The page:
Trump wants to campaign with accused war criminals
After ignoring his military advisers to pardon three service members, Trump now reportedly wants those service members to help get him reelected.
Donald Trump defied his top military brass earlier this month to pardon three service members accused of war crimes. Now, sources told the Daily Beast, he wants them to help with his 2020 reelection campaign.
Although accepting a pardon is an admission of guilt, Trump apparently wants to bring pardoned Army First Lt. Clint Lorance, Army Maj. Matthew Golsteyn, and Navy SEAL Special Operations Chief Edward Gallagher on stage with him at rallies, or possibly the 2020 Republican National Convention where he expects to be renominated.
All three men were previously accused of war crimes. Lorance was found guilty in 2013 on two counts of second-degree murder, for ordering his troops to shoot and kill two Afghan civilians. Golsteyn was also accused in 2010 of killing an Afghan civilian and burning the body, though his case was closed in 2013 with no charges. The case was later reopened after Golsteyn admitted on Fox News that he had killed the civilian himself, and Golsteyn was charged with murder in December 2018.
Gallagher specifically has been a favorite of Trump, despite being convicted over the summer of posing with the corpse of a young ISIS captive. Gallagher was also accused of stabbing the boy to death, but was acquitted of that charge.
A Trump campaign spokesperson did not immediately respond to an inquiry about this plan.
Trump pardoned the trio on Nov. 15, saying that “presidents have used their authority to offer second chances to deserving individuals, including those in uniform who have served our country.” Current and former Defense Department leaders criticized the pardons, warning the move could undermine military order and discipline and send a message to allied countries that the United States will not hold its troops accountable.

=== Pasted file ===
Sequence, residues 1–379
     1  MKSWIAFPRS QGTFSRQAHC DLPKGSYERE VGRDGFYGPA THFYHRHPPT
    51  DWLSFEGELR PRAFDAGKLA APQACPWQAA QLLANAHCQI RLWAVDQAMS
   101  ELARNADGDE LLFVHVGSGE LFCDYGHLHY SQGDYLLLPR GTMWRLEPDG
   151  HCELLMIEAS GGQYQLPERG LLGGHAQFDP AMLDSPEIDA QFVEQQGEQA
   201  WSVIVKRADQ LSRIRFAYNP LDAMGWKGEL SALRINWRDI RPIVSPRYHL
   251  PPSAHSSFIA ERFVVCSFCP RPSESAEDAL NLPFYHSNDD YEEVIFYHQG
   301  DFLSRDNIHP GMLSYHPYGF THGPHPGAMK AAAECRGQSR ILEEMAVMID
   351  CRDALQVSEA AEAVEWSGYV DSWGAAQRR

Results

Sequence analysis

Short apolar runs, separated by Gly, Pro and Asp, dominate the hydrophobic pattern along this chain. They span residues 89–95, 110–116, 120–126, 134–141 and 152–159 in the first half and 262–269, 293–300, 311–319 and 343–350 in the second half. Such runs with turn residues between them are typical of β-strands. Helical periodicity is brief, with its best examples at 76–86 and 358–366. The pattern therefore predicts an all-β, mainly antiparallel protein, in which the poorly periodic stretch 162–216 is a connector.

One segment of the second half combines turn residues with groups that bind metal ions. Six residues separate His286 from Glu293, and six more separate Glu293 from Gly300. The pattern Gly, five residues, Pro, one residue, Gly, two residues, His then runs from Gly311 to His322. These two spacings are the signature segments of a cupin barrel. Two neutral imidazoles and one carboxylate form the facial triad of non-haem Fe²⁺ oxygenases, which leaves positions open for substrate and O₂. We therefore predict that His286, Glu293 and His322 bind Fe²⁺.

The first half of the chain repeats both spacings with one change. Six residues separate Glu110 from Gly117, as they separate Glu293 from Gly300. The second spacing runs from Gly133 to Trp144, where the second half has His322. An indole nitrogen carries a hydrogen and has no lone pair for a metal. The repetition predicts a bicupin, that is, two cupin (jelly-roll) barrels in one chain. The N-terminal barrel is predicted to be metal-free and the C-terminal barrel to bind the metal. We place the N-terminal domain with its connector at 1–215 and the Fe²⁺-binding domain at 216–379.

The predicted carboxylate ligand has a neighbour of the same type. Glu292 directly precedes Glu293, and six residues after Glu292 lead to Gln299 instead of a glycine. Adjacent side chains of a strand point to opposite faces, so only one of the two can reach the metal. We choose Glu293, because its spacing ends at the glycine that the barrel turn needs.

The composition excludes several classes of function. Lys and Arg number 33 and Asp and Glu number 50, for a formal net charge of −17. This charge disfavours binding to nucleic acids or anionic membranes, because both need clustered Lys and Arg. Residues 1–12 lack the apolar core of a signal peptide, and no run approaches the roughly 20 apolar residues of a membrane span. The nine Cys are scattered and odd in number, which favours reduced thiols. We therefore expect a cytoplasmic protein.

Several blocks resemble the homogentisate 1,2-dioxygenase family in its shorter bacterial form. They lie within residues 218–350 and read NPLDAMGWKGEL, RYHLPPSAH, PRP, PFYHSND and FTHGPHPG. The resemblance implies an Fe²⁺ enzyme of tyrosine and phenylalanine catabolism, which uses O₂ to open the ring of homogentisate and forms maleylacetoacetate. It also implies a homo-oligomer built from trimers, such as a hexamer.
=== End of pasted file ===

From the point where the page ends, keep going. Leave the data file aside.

In an interview aired Tuesday morning on CBS News, former Navy Secretary Richard V. Spencer — who was forced out this week after resisting an order relating to Gallagher, which Spencer said was not consistent with his service oath — warned that the pardons would harm the “good order and discipline” that are “the backbone of what we do.”
“What message does that send to the troops?” he asked rhetorically. “That you can get away with things.”
Before being ousted, Spencer and others had pushed for Gallagher to lose his Trident pin, which identifies his status as a SEAL, and for him to be demoted. Trump tweeted Sunday that Gallagher would not lose that pin, but would be allowed to “retire peacefully with all of the honors that he has earned […].”
VoteVets, a progressive veterans organization, urged a congressional investigation into the circumstances surrounding Gallagher’s pardon on Monday. In a letter to House Armed Services Committee chair Adam Smith, the group wrote that by “holding a hearing into this matter, the House Armed Services Committee can deliver accountability and begin restoring confidence in our military justice system, as well as uphold the order and discipline on which our military is built, and which Donald Trump has undermined.”
In an email Tuesday, Jon Soltz, the group’s chair and an Iraq War veteran, said Gallagher may have already violated directives and military order “by going on FOX News to praise Donald Trump, while attacking his superiors.”
“His retirement should be put on hold, while he is disciplined for insubordination, to be honest,” Soltz said. “If he should go out and campaign before retiring, that also would be a violation.”
Active duty service members are barred from many partisan political activities. Gallagher is not expected to retire until this weekend.
Soltz said Trump’s actions show he “clearly doesn’t respect the law.”
“[He] clearly has no idea about military order and discipline, and frankly, is beyond clueless when it comes to why we structure the military in the way we have, and why we’ve instituted the rules that we have,” he said.
Published with permission of The American Independent Foundation.
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